Economics of Chronic Rhinosinusitis

Curr Allergy Asthma Rep. 2017 Apr;17(4):20. doi: 10.1007/s11882-017-0690-5.

Abstract

Purpose of review: The objective of this article is to provide an updated review of the economic burden of chronic rhinosinusitis (CRS) and discuss how both medical and surgical interventions impact direct and indirect costs related to CRS. By understanding the economics of CRS, clinicians may improve the patient-centeredness of their care and help distinguish between low and high value interventions.

Recent findings: Direct costs related to CRS are primarily driven by outpatient physician visits, prescription medical therapy, and endoscopic sinus surgery (ESS). CRS produces large indirect costs and these costs often vary based on the severity of the patients CRS-specific QoL impairment. The overall direct cost related to CRS is estimated to range between $10 and $13 billion per year in the USA. The overall indirect cost related to CRS-related losses in work productivity is estimated to be in excess of $20 billion per year. In the appropriate patients with refractory CRS, ESS provides significant reductions in both direct and indirect costs; however, continued medical therapy alone may be a high value intervention in select patients who have lower severity in their baseline QoL and work productivity.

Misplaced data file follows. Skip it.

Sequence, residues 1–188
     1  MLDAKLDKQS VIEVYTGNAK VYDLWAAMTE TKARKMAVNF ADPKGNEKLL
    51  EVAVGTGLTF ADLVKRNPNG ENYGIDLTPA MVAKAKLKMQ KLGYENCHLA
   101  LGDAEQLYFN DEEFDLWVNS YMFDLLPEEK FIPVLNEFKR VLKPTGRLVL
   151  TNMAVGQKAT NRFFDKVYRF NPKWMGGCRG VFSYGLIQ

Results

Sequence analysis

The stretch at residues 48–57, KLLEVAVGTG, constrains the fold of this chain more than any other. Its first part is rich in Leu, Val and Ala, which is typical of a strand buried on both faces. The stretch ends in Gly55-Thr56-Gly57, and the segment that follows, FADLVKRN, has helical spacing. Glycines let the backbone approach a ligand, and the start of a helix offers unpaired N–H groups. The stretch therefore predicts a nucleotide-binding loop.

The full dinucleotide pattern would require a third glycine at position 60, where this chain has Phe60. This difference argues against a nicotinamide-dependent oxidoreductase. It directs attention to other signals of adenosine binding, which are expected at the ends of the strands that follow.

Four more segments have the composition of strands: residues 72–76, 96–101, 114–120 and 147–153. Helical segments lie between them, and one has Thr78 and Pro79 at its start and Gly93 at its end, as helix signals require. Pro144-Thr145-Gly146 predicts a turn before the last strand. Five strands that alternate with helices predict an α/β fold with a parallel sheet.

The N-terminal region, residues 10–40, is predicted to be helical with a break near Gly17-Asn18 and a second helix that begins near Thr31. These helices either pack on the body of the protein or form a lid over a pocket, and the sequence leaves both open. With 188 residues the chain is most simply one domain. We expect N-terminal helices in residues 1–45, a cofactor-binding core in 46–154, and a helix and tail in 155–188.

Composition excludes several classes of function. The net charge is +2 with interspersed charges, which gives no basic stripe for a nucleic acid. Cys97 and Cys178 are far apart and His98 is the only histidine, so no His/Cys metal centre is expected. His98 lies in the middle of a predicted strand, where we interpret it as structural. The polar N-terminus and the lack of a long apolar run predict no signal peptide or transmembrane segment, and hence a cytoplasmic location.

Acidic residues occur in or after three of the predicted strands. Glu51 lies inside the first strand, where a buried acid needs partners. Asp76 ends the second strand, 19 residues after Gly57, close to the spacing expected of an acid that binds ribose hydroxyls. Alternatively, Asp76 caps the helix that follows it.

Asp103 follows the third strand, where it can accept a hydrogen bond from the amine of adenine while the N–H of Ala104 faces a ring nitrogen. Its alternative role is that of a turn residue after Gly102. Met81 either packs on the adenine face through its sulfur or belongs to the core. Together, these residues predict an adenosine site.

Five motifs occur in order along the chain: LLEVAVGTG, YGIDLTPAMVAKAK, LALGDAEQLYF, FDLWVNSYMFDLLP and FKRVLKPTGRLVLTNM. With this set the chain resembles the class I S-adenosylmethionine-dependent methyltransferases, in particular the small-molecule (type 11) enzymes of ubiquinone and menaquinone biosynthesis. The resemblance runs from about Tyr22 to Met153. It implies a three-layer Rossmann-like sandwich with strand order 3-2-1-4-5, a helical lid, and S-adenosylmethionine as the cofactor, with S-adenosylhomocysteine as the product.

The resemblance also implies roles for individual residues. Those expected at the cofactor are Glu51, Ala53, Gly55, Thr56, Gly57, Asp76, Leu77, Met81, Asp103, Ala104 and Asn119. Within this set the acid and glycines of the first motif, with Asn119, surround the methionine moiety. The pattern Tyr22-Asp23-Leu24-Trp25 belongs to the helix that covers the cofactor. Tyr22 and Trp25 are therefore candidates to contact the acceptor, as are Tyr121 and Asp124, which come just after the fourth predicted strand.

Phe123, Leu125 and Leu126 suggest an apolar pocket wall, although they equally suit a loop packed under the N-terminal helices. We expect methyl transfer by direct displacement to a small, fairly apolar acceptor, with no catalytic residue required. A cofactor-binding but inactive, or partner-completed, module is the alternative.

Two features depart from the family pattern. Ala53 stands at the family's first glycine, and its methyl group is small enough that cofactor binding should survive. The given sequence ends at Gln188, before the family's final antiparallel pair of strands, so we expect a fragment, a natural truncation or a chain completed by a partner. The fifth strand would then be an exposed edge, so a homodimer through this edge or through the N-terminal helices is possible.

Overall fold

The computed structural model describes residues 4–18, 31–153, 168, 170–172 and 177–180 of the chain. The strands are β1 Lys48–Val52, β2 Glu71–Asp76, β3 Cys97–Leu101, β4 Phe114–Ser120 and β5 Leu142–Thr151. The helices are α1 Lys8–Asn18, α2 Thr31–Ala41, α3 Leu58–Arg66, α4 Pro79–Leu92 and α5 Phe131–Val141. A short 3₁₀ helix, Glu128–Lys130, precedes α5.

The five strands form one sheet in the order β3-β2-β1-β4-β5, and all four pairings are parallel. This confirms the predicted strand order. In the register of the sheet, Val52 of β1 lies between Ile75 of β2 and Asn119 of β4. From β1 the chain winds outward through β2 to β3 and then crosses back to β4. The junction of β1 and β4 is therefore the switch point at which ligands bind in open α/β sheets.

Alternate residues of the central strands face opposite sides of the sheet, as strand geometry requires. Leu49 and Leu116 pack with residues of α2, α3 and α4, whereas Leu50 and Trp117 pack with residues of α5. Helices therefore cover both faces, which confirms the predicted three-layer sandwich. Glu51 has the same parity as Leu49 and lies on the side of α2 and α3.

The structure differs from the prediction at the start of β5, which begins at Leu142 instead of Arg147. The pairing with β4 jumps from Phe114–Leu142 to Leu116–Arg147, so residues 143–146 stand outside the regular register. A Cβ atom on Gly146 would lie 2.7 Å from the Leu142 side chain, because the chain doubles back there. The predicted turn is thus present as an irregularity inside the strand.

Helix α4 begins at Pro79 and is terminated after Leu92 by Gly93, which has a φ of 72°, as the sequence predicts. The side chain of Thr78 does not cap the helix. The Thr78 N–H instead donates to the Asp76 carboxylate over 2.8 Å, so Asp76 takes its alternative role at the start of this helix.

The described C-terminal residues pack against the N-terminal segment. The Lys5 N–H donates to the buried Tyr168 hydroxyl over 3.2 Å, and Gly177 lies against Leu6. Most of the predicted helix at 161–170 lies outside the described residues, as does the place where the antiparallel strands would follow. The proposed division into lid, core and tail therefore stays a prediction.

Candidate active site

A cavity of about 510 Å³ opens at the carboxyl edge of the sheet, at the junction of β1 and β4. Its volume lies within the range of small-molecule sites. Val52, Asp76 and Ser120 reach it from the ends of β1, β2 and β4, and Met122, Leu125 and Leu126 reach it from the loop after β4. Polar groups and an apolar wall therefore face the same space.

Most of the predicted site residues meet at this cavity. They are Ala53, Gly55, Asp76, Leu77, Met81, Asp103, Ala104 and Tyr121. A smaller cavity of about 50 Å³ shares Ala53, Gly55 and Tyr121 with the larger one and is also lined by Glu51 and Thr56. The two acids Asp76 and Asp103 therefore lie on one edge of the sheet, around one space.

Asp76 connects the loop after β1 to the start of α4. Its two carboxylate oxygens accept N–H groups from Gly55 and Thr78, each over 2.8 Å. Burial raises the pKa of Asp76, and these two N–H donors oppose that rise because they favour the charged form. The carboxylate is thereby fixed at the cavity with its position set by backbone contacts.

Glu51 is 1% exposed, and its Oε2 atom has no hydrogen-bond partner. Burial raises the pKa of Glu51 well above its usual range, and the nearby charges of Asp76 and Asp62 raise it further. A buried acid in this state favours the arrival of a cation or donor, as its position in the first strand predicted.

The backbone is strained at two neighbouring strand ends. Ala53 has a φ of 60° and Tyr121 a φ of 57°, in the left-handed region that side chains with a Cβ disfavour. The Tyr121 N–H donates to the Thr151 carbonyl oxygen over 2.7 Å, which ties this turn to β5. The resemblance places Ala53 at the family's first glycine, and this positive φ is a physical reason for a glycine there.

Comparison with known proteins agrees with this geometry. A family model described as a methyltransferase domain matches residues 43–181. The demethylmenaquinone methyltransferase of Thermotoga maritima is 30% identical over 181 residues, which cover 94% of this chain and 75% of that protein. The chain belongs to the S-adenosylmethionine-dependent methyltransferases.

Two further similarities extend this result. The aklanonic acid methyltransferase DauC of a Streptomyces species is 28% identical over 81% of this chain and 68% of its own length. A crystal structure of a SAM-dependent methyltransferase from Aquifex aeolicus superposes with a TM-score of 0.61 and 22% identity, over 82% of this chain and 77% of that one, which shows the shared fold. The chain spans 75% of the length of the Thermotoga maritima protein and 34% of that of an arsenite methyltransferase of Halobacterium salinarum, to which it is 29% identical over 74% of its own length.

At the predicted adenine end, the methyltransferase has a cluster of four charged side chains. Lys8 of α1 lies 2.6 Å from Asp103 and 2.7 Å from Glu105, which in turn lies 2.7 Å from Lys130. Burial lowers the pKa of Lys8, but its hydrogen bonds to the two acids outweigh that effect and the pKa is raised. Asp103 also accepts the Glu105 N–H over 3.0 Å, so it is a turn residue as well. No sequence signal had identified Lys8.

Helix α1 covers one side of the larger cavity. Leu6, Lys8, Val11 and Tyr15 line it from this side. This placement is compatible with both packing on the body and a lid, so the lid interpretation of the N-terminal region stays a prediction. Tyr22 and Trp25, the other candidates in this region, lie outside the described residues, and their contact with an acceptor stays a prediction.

Keywords: Burden of disease; Chronic sinusitis; Cost; Economic; Pharmacoeconomics; Rhinosinusitis; Value of care.

Publication types

  • Review

MeSH terms

  • Chronic Disease
  • Cost of Illness*
  • Health Care Costs*
  • Humans
  • Patient-Centered Care / standards
  • Rhinitis / economics*
  • Rhinitis / therapy
  • Sinusitis / economics*
  • Sinusitis / therapy
  • United States